I would like to start by saying, while I wish this were a story about a long running show where three blue men found the rhythm of life, it is not. This is about a group of old men in blue uniforms. Whether rain or shine, hot or cold, summer or winter it doesn’t matter, these are the happiest men I have ever encountered.
Cursing at cars and pedestrians while on my bike, I am in a bad mood as I encounter one of these old men in blue. Suddenly, the vibe emanating off one profoundly shifts my mood to happiness. Walking along the road stuck in my own thoughts, I am greeted with a toothless grin and joyous “konnichiwa,” good afternoon. In a nanosecond, I return a full toothed grin and joyous reply forgetting what I was thinking about. Who are these men dotting the paved landscape of Tokyo? And more importantly why are they so happy?
I wish I could tell you they are extraordinary men saving the world. They are not. They are extraordinarily ordinary doing something ordinary. And within the ordinary they found happiness. And their simply being happy is passed on to anyone within the radius of their presence. Sounds like an enlightened being to me. Perhaps they are, but we will never know. An enlightened being doesn’t run around telling the world they are enlightened. I will say there is something about these old guys that holds the key to happiness.
Throughout the year in Tokyo some form of construction is going on, whether road, bridge or sidewalk. My understanding is that construction even happens in places where it is not needed because they simply must spend the money budgeted for the year. March is a particularly busy construction season given the end of the fiscal year. For years, I used to swear and curse under my breath at these construction sites. With narrow roads snaking throughout Tokyo, I often had to wait and allow cars from the opposite direction to pass. Directing traffic at these construction sites are baton wielding, hardhat wearing men in matching blue shirt and pants.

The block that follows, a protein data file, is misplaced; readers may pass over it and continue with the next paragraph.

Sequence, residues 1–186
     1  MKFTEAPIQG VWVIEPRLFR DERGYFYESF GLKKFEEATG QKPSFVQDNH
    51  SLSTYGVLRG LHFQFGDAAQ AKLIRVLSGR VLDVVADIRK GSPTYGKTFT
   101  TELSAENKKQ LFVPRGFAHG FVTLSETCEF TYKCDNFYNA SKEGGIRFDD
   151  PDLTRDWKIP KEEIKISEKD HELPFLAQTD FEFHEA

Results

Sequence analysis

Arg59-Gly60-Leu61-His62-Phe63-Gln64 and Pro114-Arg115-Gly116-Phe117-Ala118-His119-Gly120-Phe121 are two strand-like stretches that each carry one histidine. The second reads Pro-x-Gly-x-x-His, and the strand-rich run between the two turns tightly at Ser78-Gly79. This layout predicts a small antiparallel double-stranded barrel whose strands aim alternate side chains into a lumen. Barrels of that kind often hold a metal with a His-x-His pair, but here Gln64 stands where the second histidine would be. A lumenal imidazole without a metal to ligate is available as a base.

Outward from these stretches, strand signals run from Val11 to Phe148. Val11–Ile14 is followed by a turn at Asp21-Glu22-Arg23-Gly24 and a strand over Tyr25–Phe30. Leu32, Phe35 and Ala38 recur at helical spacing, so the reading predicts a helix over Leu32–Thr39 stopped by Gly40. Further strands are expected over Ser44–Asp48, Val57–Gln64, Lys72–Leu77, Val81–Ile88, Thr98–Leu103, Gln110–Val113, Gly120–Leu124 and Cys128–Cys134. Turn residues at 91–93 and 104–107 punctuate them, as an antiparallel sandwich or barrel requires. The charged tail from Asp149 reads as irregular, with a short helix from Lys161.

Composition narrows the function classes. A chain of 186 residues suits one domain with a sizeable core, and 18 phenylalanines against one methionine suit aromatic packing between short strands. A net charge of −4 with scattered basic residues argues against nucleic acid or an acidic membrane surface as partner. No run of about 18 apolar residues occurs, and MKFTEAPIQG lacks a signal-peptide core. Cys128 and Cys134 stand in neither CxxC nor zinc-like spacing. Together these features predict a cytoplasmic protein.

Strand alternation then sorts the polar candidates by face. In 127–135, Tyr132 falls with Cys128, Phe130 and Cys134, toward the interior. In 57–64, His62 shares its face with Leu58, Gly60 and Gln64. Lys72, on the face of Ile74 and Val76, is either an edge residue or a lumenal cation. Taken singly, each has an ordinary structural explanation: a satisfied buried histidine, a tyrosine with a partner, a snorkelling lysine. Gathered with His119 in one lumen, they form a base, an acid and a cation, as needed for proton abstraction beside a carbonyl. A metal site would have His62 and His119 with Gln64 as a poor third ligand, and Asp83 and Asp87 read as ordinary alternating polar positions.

It was a chance meeting and conversation with one on a remote mountainous road that woke me up to their joy. In the middle of nowhere, cycling solo on a cool summer day, I came across an orange construction sign. Sure enough, rounding the corner there was an old man in blue with baton in hand holding it perpendicular to his body signaling me to stop–A one-way road. I had to wait a few minutes for a number of cars to pass in the opposite direction. With a curse rising from my unconscious, it stopped short when the man in blue looked at me. With his dark sunburned face highlighting his pearly whites he smiled and asked in Japanese where I was from. I replied, the US, but living in Japan for many years. This impressed him, as well as my language ability. We went on to discuss a few more topics before it was my time to pass through. “Sayonara” we said to one another and off I went. I realized as I rode away my mood changed to happiness. It was after this encounter that I began to pay attention to these old men in blue wherever I went. I found the exact same thing happened, I was happier after being in their presence.
While I never had a chance to interview them as to why they are so joyous, I have a theory. They are retired from having dedicated their lives to the company working long hours for decades at the expense of family life. After retirement and having been ousted from the family, there was nothing left to do except spend their remaining days at pachinko parlors (gambling casinos) and izakyas (bars) fending off the guilt and shame. Or, become a baton wielding man in blue with a chance at redemption.
Redemption in this case comes in the form of acceptance of the life they had been given. With all the standing around there was time to reflect on their previous life and eventually accept it. Over time, this standing became a form of meditation. And as you may know meditation leads to epiphanies and enlightenment. By letting go of the past, not worrying about the future and living in the present happiness is found no matter what you are doing.